How Slovenian Pirates Gathered 1000 Signatures for EU election

How Slovenian Pirates Gathered 1000 Signatures for EU election

In Slovenia, every candidate list wanting to participate in the EU election has to gather 1,000 signatures of support from voters. The main problem is that there is no possibility to sign and verify a form electronically. Therefore all parties have to collect signatures on the street, and all voters have to verify their signature at administrative offices. That is why all signature collectors stand in front of the local administrative offices.

For the Pirate Party of Slovenia (PPSI), this is the first time participating in the election and thus also the first time collecting signatures. The main activity was concentrated in the capital, Ljubljana. The PPSI candidate for MEP, Rolando Benjamin Vaz Ferreira, pointed out that it is hard to imagine all the political intrigue one can experience doing something as mundane as collecting state-mandated signatures:

“It’s even harder to imagine the wide array of reactions when people hear the words ‘Pirate Party’. However, once you’ve heard a 70+ year-old grandma tell you to go **** yourself, you’ve heard it all.”

Despite the reaction he received from that grandma PPSI’s president is certain that Benjamin is the best candidate for PP-SI. “He’s fresh, funny, has a lot of charm and knows how to convince people with direct and honest approach. I already see him at the EU parliament hacking the political process there.”

 

The president of PPSI, Rok Deželak, said that “what has to be done, is never hard”. Many thought that collecting 1,000 signatures is a quite impossible job, but they also found that it was an interesting task. The Pirate volunteers where forced to go out on the street, make contact with voters and convince them that this was a party there for them.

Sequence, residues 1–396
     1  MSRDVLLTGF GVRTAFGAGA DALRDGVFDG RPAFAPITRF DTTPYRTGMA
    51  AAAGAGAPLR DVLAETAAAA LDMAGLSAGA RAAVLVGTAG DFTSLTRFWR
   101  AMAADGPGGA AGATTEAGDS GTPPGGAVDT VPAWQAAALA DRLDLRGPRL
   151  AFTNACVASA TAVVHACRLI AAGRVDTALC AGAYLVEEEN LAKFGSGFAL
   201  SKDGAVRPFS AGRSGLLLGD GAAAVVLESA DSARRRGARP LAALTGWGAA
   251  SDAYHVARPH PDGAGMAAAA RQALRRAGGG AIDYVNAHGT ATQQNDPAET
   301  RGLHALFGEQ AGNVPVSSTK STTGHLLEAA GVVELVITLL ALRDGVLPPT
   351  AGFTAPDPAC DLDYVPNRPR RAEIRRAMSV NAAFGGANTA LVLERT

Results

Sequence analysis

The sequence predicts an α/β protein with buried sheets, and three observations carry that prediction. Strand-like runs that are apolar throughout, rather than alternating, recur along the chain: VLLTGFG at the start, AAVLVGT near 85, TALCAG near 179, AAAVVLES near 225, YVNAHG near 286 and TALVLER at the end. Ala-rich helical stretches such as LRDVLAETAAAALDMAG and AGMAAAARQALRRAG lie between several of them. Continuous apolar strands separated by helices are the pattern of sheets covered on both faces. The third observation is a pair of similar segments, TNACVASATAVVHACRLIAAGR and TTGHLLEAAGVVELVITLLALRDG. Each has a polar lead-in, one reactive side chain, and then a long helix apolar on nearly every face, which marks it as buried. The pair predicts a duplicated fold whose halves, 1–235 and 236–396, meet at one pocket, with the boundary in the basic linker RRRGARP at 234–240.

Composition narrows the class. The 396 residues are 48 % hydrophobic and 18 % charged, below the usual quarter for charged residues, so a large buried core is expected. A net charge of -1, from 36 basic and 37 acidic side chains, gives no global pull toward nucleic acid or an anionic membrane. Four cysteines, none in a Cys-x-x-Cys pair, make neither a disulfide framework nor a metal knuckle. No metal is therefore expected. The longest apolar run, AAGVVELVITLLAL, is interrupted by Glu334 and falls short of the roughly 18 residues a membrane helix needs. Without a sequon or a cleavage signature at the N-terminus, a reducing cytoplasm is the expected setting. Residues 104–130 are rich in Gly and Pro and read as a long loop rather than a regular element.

One of the activists, Aleš Cerar, also pointed to the differences between administrative offices in different towns. His favourite place for collecting signatures was Ljubljana’s district Šiška, where he lives. People at the local administrative office were very efficient and people could verify their signature in approximately 2 minutes. It was a whole different story in Kranj (Gorenjska region), where one day the officer that needed to verify signatures simply left his post. Aleš said that there was one man who had to walk from one officer to another and wait in queues for 45 minutes before the above mentioned officer returned to her workplace.
Many of the Slovenian Pirates have day jobs and families, which means that some were not able to participate in collecting every day and sometimes only for a few hours. Jure Trbič, Pirate from northwest region of Gorenjska, said that he has just got a new job and the business hours of administration offices (usually from 8-15) didn’t allow him to collect signatures – he had to resort to face-to-face pleading with everyone he knows.
Collecting 1,000 signatures took Slovenia a great amount of energy, but in the end they succeeded. They managed to gather more than 1,200 signatures in the end and the latest poll result put PPSI at 4.7% for the EU elections. As a member from Ljubljana, Igor Brlek, pointed out: “If you believe in something, then nothing is hard to do!”
Photo: Rolando Benjamin Vaz Ferreira, CC BY-SA-NC
Matic Urbanija

About Matic Urbanija

International Coordinator, Pirate Party of Slovenia/Contributor, Pirate Times/blog: maticurbanija.wordpress.com

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